[26 June 2010: Howdy folks! If you're coming here from The State article on "The Old Caughman Place", there's more vanished Columbia here than just The Bounty. Take a look at the list of Alphabetical Closings, or check out the latest posts on the Columbia Closings home page -- Ted]
Well, this is one of the two most requested posts I haven't done yet, or at least one of the two "most searched for" posts. I've held off doing a post on The Bounty because I never ate there and didn't have any personal memories at all to relate, and the building is gone, so I couldn't get any photos. However, I did finally get a yellow pages ad (from the 1977 Southern Bell phonebook), so I decided to go out on the Sumter Highway and see if I could find where I thought it was.
The most likely place seems to be on Mill Creek off the right side of the road if you are heading towards Sumter. We used to take this route the the beach, and the site more or less comports with what I remember from those trips. Taking a good picture seems to be impossible though. There is no access to the lake from the Sumter Highway except as you go over the bridge, and if you were to park and walk out on the bridge you would be taking your life in your hands as there is no sidewalk space. The road is also too busy to stop on the bridge in your car. I went by half a dozen times before I was able to snap this poor shot through the window. I recall The Bounty as being on the left bank (as pictured here) of the lake. There must have been road access to the site, so I went around on Old Garners Ferry, but anything that seems likely is all fenced and posted -- you can't even see the lake from that side (though thre is a waterfall over the dam which I assume was once a mill, giving the creek its name).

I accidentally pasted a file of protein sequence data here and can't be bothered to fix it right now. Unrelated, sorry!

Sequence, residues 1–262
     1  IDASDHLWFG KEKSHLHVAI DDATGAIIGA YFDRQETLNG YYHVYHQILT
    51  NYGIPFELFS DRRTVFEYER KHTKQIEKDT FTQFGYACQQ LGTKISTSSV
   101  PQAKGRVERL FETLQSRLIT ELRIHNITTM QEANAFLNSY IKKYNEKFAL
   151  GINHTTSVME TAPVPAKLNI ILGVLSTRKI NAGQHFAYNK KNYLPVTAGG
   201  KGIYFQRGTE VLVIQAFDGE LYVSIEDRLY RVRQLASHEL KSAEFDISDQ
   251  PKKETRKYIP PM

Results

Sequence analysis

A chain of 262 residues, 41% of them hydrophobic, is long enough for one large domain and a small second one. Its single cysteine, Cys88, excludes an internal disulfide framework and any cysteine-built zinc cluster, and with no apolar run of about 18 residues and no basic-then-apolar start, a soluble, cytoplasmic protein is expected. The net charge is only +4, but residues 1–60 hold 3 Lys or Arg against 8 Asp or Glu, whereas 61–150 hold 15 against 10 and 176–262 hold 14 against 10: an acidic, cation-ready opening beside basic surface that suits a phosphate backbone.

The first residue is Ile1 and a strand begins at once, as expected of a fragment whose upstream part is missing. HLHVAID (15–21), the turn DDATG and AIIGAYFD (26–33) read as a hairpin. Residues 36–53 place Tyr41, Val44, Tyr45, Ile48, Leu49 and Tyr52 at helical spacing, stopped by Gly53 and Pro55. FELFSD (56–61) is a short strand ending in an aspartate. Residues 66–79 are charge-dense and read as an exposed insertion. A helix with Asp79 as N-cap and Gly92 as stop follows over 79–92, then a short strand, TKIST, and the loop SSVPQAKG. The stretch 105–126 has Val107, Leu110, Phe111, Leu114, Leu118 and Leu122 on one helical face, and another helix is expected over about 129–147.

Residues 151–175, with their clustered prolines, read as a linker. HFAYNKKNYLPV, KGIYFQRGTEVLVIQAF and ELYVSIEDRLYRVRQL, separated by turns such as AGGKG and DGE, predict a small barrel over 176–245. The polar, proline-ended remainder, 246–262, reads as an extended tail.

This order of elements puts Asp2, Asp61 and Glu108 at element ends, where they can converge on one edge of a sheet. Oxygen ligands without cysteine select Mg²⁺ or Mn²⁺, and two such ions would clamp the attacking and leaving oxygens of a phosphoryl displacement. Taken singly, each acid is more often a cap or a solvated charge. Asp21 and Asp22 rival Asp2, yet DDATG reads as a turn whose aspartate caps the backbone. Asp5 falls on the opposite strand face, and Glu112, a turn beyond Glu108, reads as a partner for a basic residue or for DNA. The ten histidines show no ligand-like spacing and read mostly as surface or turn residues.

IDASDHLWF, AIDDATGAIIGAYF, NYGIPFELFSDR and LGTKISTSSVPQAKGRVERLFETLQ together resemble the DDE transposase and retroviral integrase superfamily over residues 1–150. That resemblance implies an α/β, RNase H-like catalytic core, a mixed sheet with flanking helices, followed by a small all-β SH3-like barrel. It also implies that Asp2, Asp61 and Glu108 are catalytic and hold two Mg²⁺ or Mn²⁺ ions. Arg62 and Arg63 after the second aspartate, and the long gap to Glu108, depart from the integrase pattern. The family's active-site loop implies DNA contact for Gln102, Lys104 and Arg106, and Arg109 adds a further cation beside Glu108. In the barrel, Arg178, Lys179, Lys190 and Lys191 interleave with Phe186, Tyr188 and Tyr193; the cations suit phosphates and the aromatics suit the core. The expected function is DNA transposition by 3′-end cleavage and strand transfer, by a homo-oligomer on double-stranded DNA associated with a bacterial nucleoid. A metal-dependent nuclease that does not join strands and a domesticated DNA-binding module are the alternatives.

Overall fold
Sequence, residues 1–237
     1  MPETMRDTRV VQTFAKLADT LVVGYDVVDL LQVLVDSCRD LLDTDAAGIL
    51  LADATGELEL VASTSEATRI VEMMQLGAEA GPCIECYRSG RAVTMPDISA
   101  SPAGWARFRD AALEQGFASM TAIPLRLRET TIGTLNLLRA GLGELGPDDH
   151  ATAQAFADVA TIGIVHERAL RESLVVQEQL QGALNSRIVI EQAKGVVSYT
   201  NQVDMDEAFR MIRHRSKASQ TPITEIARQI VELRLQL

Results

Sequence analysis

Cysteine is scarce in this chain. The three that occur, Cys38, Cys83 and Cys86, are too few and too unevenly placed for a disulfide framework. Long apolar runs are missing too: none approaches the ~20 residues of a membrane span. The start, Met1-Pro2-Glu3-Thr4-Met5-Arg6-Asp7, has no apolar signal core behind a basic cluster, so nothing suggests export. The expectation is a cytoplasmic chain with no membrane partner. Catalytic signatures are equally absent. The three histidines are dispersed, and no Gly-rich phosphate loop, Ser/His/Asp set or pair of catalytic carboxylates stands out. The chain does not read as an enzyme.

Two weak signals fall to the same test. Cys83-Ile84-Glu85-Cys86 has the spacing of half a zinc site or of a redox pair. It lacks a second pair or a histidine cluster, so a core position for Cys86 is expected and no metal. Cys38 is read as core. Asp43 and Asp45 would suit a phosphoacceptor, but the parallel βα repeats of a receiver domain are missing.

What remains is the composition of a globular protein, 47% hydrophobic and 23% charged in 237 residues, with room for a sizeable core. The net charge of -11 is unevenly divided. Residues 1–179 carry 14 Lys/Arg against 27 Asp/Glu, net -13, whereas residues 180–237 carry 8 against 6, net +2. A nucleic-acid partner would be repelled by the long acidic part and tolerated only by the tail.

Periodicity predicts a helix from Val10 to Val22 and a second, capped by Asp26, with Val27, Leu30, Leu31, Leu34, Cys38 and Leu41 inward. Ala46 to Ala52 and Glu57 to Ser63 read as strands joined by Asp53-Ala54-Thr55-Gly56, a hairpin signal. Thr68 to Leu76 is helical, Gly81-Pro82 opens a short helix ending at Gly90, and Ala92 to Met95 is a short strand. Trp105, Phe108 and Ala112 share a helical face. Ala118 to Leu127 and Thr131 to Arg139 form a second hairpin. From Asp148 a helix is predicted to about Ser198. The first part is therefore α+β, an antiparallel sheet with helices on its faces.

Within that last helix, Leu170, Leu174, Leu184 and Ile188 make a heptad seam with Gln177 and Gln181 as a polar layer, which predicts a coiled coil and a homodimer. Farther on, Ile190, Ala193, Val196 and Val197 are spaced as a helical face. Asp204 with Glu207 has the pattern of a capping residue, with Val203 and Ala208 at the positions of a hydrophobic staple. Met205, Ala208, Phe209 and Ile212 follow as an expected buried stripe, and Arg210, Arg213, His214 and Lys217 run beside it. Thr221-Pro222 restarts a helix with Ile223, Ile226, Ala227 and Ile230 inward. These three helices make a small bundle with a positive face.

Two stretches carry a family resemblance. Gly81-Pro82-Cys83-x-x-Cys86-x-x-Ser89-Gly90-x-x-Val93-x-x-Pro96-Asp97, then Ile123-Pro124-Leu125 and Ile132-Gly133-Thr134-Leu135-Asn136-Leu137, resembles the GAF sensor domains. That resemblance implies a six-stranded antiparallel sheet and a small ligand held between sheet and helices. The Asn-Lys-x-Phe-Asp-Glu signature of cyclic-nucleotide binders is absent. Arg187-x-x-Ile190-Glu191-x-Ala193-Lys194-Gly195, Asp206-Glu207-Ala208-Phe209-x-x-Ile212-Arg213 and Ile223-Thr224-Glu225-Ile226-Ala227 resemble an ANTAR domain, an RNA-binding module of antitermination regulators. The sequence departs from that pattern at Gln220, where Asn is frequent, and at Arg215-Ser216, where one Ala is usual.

The Bounty was a seafood restaurant which also had a kid-friendly "ship" which took kids out on the lake as part of a whole dining experience. From this site and various comments you folks have made here, I believe the story of The Bounty was about as follows:
A local businessman, B. C. Inabinet, had the enthusiasm and know-how to run a seafood restaurant, so he got his main company to build The Bounty and take ownership. It was profitable, and everyone was happy. When he passed away, his successors at the main company found they didn't have a passion for the restaurant business and decided to abandon The Bounty to concentrate on the firm's core interests. In the end the building was burned as a practice exercise for the local fire department.
That's about all I can say, except that it sounds like it was a fun place, and I'm sure that I would have liked it except for the "fish" part. Now, here's what y'all have said:
The far left of Captain’s Kitchen was shaped, or enclosed in an old boat, but who remember’s the Bounty out toward Hopkins that was built like a huge boat. My grandparent’s loved to eat there. It looked like some crazy themed resturant from the coast.
Also, what was the resturant located on Decker where Chick-fil-a is now. I think it was Applegates Landing. It was also themed on the inside. I remember a salad bar that was made from an old truck.
By Hal Reed on Sep 4, 2008